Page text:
Last Updated : Dec 04, 2018 02:54 PM IST | Source:

Small films show up on the advertising radar as brands bet big on cinema

While the trend has been that advertising interest peaks during the release of 10-12 blockbuster films, theatre owners are changing this by educating advertisers

Maryam Farooqui @farooqui_maryam
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There was a time when advertisers would chase big banner releases, confident that such offerings will attract audience in huge numbers. But the scenario is changing.

More footfalls mean better exposure and brands are realising the potential of small and mid-sized films and opting for in-cinema advertising, now more than ever.

Talking to Moneycontrol, Siddharth Bhardwaj, CMO, UFO Moviez, said, “In the first half of this year, what we saw was that advertisers are more open in using cinema as a medium where they are not limiting themselves just to 4-5 big anticipated blockbusters. They are also open to advertising around other movies which they feel will strike a chord with the audience.”

“This year has been good because smaller movies did well, which is also helping the cause (to continue the growing trend of in-theatre advertising),” he added.

While the trend has been that advertising interest peaks during the release of 10-12 blockbuster films, theatre owners are changing this by educating advertisers.

“Advertisers first tried to take advantage of blockbuster films. Five-six years ago, when advertisers came to cinema, they only wanted a Salman or Shah Rukh Khan movie. Slowly, they started experiencing that cinema is not just limited to those 4-5 releases. There is audience for other movies too. They started using the medium more. Slowly, it has gone up from 3-4 movies to 12-15 movies in a year,” said Bhardwaj.

The exhibition industry is making an active and conscious effort to reach out to advertisers and share information basis which they can take decisions.

“Many brand managers rely on us to feed the data and we do that very aggressively. We pass on the info to advertisers. For example, Thugs of Hindostan didn’t do well, but at the same time, there were two Marathi films that performed. Immediately, we went to the market educating the advertisers,” he added.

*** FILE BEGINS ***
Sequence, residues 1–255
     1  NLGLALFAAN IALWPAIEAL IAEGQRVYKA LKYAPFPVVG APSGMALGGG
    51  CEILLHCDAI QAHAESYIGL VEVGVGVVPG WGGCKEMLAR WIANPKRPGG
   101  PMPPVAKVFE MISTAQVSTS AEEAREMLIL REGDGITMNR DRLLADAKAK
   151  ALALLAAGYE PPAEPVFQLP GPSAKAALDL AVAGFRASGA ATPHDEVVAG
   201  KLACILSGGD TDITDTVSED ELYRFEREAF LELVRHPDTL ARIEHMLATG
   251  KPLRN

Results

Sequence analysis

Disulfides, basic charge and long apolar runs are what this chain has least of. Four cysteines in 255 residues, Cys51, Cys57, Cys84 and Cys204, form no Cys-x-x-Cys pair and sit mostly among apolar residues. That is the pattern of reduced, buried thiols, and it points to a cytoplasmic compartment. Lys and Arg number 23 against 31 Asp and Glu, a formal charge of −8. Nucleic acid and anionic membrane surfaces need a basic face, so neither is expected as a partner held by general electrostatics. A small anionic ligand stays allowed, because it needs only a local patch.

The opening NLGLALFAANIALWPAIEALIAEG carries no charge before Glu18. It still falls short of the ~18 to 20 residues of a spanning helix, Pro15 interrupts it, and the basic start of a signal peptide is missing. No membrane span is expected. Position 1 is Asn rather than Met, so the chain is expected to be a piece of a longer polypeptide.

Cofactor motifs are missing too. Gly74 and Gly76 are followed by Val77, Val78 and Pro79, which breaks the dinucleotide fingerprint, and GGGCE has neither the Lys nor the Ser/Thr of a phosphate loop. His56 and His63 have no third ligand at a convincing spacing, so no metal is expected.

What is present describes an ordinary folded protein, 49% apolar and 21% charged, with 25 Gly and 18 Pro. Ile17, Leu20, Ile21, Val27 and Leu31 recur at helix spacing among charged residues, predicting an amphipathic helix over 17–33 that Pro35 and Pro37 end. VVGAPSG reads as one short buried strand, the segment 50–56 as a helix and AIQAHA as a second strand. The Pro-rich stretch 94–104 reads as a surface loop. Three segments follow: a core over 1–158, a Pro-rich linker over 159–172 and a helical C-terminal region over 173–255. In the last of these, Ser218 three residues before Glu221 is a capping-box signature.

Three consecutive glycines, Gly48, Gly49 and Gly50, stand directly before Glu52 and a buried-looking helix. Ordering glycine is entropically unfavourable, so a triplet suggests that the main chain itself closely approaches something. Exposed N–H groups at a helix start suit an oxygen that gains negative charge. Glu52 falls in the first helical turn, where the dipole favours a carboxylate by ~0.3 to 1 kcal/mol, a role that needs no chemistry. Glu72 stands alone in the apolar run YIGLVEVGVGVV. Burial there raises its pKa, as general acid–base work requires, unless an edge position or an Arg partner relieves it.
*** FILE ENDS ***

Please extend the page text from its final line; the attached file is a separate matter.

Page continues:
In comparison to television or digital, cinema advertising is small, accounting for one or two per cent of total ad spends by brands. This is because brands earlier did not see theatres as a captive medium to advertise products.

“Cinema was fragmented so it was difficult for brands to put out a campaign across so many screens. One had to reach out to every screen owner separately, but it got aggregated with with digitisation. Digitisation democratised cinema where every screen became a release centre. With digitisation, the platform also got aggregated among four or five players in the country where it became easier for advertisers,” explained Bhardwaj.

In-cinema advertising is expected to grow 20-25 percent in the next five years. The number of in-cinema advertisers grew from 50-100 in 2010 to over 2,500 in 2016. Sponsorship revenues for PVR Cinemas increased by almost 20 percent in 2016 over previous year, said a KPMG 2017 report.

According to the report, this growth can be attributed to expansion of multiplexes in metro/non-metro cities and nearly 100 percent digitisation of screens. Digitisation has resulted in an increase in the volume of ad inventory and the ability to geographically target advertisements with multi lingual support. At the same time, the exhibition industry has become more organized, technologically advanced and ensures a high level of transparency by providing real-time campaign tracking to advertisers.

A study by GroupM, a media investment group, suggests that many cinephiles are willing to consume advertisements before and during the interval of a film.

More than 50 percent of the respondents interviewed for the study said they paid more attention to advertisements played in theatres.
First Published on Dec 4, 2018 02:54 pm
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